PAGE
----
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UCCLA disputes UCC position on Canadian Museum for Human Rights

Updated: Jun 5, 2018

Responding to a recent media release by the Ukrainian Canadian Congress (UCC), Roman Zakaluzny, chair of the Ukrainian Canadian Civil Liberties Association, a non-partisan and independent organization dedicated to the articulation and defence of the organized Canadian Ukrainian community's interests, said: "We have consistently stated that we want all galleries in the taxpayer-funded Canadian Museum for Human Rights to be thematic, inclusive, and comparative in content.

"Most Canadians oppose elevating the suffering of any community above all others with a privileged or permanent space in this national museum. We do not agree with the UCC's request for a separate Holodomor gallery, any more than we endorse having an entire hall set aside for the Holocaust. Instead a "genocide gallery" would be more educationally useful, allowing for a treatment of how that concept came into being, when and where it has been applied, and why, complemented by rotating exhibits providing visitors with a more complete understanding of the many different examples of genocide that have befouled human history.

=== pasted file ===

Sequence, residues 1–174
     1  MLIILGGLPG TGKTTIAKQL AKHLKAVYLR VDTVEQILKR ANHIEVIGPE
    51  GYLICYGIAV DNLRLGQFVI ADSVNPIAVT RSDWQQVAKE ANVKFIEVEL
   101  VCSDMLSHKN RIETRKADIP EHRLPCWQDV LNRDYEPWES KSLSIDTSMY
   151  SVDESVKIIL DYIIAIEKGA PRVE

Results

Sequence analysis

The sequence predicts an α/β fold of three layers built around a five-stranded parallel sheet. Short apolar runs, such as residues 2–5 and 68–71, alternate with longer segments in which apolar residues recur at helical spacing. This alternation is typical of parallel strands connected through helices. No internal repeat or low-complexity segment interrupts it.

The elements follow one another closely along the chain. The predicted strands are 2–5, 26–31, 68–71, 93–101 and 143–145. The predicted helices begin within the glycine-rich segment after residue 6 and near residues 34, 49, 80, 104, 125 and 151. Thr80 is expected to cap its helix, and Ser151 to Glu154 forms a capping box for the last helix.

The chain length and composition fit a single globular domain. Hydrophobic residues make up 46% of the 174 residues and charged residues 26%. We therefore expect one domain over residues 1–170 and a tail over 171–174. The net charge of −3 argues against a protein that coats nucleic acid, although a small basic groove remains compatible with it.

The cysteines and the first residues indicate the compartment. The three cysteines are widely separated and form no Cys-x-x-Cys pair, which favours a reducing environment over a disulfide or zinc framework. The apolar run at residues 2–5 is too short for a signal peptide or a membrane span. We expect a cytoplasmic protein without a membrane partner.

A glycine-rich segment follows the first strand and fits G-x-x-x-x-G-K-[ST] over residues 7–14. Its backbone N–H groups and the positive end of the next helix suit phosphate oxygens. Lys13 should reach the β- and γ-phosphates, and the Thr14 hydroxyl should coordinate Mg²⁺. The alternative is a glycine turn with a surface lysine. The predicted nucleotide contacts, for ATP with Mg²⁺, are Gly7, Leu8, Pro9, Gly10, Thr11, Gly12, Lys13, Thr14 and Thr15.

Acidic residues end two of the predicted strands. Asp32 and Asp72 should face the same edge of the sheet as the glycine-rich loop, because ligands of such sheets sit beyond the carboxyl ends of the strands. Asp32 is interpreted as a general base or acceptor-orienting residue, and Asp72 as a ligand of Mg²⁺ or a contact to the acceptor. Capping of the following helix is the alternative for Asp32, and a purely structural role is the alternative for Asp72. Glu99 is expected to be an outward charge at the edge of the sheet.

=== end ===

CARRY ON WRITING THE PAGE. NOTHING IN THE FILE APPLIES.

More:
While we share the UCC's wish to see Canada's first national internment operations covered at the CMHR, an inclusive 'War Measures Act' gallery would be more useful, covering not only what happened to Ukrainians and other Europeans in the First World War but the similar internal security measures taken against Japanese, German, Italian and Jewish Canadians in the Second World War, and some Quebecois in 1970. A hall dedicated to explaining why citizens must remain vigilant in defence of civil liberties and human rights, particularly in times of domestic and international tension, would have genuine pedagogical value.

"It is imperative that the CMHR's board of directors and curators revise their existing plans if they wish to avoid turning this already over-budget, behind-schedule, and very contentious project into an even-more divisive and fiscally untenable one, especially given the straightened financial circumstances facing Canadians."